Batley shop shows its community spirit during coronavirus crisis
A shop in Batley has shown its community spirit by helping their customers through the coronavirus crisis.
Notay’s Convenience Store on the Wilton Estate has been encouraging sensible shopping, has kept essentials on the shelves and offered a free delivery service to their vulnerable and isolated customers.
Surjeet Notay, from Notay’s Convenience Store, said: “We recognised the fact that people are going to be isolated and struggle to get food, and with the panic-buying at the supermarkets, we thought they might not get chance to get their daily requirements.
“So we spread the message on Facebook and got some leaflets printed advertising our free delivery service and that we were trying to get as many items in as we could.
“We normally open from 7am to 9.30pm but we’ve reduced our hours to encourage social distancing. In store we’re only letting four customers in at a time, and we’ve got tape on the floor to indicate the safe distance between customers.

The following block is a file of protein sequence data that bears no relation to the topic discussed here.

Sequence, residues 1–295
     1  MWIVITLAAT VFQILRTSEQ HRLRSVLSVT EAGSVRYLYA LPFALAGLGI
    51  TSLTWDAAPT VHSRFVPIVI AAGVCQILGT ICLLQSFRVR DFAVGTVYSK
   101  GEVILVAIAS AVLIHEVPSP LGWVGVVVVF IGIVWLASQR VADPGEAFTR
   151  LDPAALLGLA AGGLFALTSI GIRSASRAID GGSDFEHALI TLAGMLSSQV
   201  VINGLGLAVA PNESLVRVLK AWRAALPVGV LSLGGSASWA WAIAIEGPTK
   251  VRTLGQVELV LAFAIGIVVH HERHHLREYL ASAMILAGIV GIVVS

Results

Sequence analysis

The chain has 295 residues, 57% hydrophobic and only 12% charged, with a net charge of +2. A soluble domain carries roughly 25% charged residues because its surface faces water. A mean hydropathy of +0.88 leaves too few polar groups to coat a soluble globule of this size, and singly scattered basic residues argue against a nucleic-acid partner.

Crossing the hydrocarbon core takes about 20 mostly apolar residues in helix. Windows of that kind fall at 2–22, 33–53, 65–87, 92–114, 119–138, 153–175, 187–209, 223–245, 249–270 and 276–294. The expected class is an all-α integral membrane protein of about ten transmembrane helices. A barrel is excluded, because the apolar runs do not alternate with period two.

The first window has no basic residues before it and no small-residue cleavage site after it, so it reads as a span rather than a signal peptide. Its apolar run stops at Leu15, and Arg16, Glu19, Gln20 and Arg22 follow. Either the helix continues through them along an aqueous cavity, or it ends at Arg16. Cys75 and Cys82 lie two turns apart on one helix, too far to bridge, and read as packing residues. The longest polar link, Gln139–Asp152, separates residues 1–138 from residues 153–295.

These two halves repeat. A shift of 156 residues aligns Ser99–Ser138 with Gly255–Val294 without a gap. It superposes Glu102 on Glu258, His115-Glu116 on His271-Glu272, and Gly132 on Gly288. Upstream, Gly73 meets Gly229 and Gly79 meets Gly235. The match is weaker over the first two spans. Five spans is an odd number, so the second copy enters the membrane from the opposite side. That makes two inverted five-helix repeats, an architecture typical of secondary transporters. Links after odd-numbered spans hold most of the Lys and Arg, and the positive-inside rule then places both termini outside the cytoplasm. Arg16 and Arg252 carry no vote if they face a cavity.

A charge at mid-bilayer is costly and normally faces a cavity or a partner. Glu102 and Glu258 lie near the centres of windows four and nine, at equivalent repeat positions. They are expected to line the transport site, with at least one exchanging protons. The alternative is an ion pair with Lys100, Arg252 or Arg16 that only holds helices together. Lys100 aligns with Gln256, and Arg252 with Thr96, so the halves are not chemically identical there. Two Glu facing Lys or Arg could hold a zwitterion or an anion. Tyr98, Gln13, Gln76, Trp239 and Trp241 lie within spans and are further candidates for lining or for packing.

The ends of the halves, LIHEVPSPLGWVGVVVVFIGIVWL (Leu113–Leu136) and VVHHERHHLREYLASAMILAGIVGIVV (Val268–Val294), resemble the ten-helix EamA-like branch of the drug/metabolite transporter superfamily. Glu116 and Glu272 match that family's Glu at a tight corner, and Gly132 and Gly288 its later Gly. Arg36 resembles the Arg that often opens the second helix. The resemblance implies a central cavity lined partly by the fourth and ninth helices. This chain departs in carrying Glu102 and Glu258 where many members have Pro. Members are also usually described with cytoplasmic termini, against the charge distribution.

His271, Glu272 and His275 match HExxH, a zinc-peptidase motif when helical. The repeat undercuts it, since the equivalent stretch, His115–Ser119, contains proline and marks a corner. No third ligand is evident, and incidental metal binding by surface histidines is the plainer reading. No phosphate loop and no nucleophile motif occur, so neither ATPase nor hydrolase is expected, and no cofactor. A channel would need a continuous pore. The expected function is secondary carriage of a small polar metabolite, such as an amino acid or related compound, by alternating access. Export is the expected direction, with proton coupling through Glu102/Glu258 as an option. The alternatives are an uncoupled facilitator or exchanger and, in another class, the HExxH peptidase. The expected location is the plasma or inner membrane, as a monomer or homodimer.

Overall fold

“We’re working with Father Gordon Newton at our local church St John’s The Evangelist, he’s volunteering to deliver parcels that customers have pre-paid for over the phone.
“We’ve just tried to make the best out of a very sad situation.”
Mr Notay said they have delivered to more than a dozen customers so far but anticipates that demand for that service will increase.
“As the supermarkets have been hit with their stock, we’ve been hit too so we’ve been rationing things, which we never thought we’d do, like toilet roll, flour, eggs, milk, pasta.
“We’re just trying to be there for the community.
“We’re very proud that we’ve not inflated our prices, we’ve kept them to what we were charging before the coronavirus hit us, and we’ll continue to do that as much as we can.”
Customers have sent the shop knitted creatures and cakes to thank them for their help and support.
“It’s phenomenal, people are loving it and really appreciating it, that their local shop has stepped up.
“We’ve been trading here for 44 years now so it’s more than just a business, it’s our duty to do what we’re doing.
“We’re human, it’s our duty to be there for our fellow beings. If we don’t do it, who else is going to?
“Community spirit needs to come back, that was lost prior to this, and we’re trying to get that back, and hopefully it stays after the epidemic.”
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